Mayaro Virus VLP
MAYARO VIRUS VLP
At The Native Antigen Company we have prepared recombinant Mayaro Virus VLP utilising our proprietary mammalian cell expression system. These particles contain Capsid and E1 and E2 envelope proteins. They will find application for researchers and assay developers who are looking to develop assays to distinguish Mayaro virus infection from Chikugunya virus.
PRODUCT DETAILS – MAYARO VIRUS LYSATE (TRVL4675 STRAIN)
- Recombinant Mayaro virus-like particle (strain Acre27) comprising E1, E2 and Capsid proteins (NCBI Accession Numbers: AJA37502.1, KM400591.1), expressed from HEK293 cells.
- Includes a mouse Fc-tag and is buffered in DPBS, pH7.4.
- Suitable for use in immunoassay development.
Mayaro virus (MAYV) is a positive-sense single stranded RNA virus that belongs to the genus Alphavirus, a member of the Togaviridae family of viruses. It is a member of the Semliki Forest antigenic sero-complex, a serological group within the Alphavirus genus, and is closely related to Chikungunya virus (CHIKV) (Esposito, D.L.A).
Infection with Mayaro virus causes an acute, self-limited dengue-like illness of 3–5 days duration, characterized by fever, headache, myalgia, rash, prominent pain in the large joints, and association with rheumatic disease. MAYV is recognised as an emerging virus with the potential to cause a major epidemic in Central and South American countries. Currently, there is no licensed prophylactic vaccine or specific treatment for MAYV fever. Prevention of MAYV is through vector control measures to reduce transmission of the virus. Given the geographical distribution of MAYV and the similarity of the symptoms of Mayaro fever to infections caused by other arboviruses such Dengue fever, Chikungunya and Zika virus, it is considered important to be able to differentiate diagnostically between these arboviral diseases (CDC). Diagnosis of MAYV infection may be achieved by serological testing for MAYV specific IgM antibodies using enzyme immunoassays (EIA). However, cross reactivity with related viruses can reduce assay sensitivity and prevent accurate diagnosis (Figueiredo, ML).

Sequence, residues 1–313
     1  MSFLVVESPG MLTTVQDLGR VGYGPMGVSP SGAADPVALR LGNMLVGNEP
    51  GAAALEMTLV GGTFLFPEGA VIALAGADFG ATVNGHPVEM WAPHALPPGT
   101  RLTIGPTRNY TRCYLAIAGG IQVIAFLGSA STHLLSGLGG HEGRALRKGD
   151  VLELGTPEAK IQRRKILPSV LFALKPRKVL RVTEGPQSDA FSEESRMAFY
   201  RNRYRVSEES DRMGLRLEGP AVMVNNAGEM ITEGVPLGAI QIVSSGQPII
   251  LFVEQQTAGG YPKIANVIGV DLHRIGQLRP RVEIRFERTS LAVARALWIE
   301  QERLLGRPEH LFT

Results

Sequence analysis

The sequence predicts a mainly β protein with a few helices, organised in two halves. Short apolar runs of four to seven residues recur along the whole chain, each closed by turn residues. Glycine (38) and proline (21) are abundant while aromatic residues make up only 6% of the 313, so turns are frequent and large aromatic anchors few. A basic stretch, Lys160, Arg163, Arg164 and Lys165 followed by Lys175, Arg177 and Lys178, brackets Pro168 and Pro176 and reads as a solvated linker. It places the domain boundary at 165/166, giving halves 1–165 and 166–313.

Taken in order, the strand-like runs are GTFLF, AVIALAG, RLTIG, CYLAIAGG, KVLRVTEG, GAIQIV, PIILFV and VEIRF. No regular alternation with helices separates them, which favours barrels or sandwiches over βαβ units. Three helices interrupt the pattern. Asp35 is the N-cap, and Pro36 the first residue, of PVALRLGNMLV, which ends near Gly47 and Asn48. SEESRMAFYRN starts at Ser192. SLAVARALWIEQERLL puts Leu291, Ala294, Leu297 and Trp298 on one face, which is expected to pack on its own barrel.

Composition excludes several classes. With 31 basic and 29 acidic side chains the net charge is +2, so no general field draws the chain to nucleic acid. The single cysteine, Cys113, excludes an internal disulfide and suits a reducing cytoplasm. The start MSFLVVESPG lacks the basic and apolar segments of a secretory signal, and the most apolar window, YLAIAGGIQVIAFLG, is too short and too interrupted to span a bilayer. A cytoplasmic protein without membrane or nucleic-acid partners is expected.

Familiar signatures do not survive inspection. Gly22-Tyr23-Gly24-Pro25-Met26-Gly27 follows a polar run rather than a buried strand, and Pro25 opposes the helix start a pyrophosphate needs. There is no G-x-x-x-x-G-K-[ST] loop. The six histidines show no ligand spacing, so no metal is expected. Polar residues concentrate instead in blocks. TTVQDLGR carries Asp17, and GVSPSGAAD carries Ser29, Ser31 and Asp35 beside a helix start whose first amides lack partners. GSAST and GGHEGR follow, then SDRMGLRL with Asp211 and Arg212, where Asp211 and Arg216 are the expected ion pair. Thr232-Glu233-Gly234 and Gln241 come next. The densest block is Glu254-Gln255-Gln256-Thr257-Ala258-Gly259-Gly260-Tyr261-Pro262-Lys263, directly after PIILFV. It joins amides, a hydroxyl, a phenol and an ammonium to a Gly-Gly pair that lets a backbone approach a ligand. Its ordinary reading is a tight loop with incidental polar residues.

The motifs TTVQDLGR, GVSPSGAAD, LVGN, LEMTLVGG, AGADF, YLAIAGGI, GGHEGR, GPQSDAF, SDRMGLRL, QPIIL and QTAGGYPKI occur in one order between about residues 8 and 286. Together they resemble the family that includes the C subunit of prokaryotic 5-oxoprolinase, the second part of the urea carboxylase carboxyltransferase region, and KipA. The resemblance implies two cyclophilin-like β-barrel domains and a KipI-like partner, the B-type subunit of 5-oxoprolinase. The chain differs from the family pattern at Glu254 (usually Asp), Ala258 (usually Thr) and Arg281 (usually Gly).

- Esposito DLA and Fonseca BALD (2017). Will Mayaro virus be responsible for the next outbreak of an arthropod-borne virus in Brazil? Braz J Infect Dis.21(5):540-544
- Center for Disease Control and Prevention: Emerging infectious diseases. Brunini, S et al (2017). High Frequency of Mayaro Virus IgM among Febrile Patients, Central Brazil. Research Letter. Volume 23, Number 6—June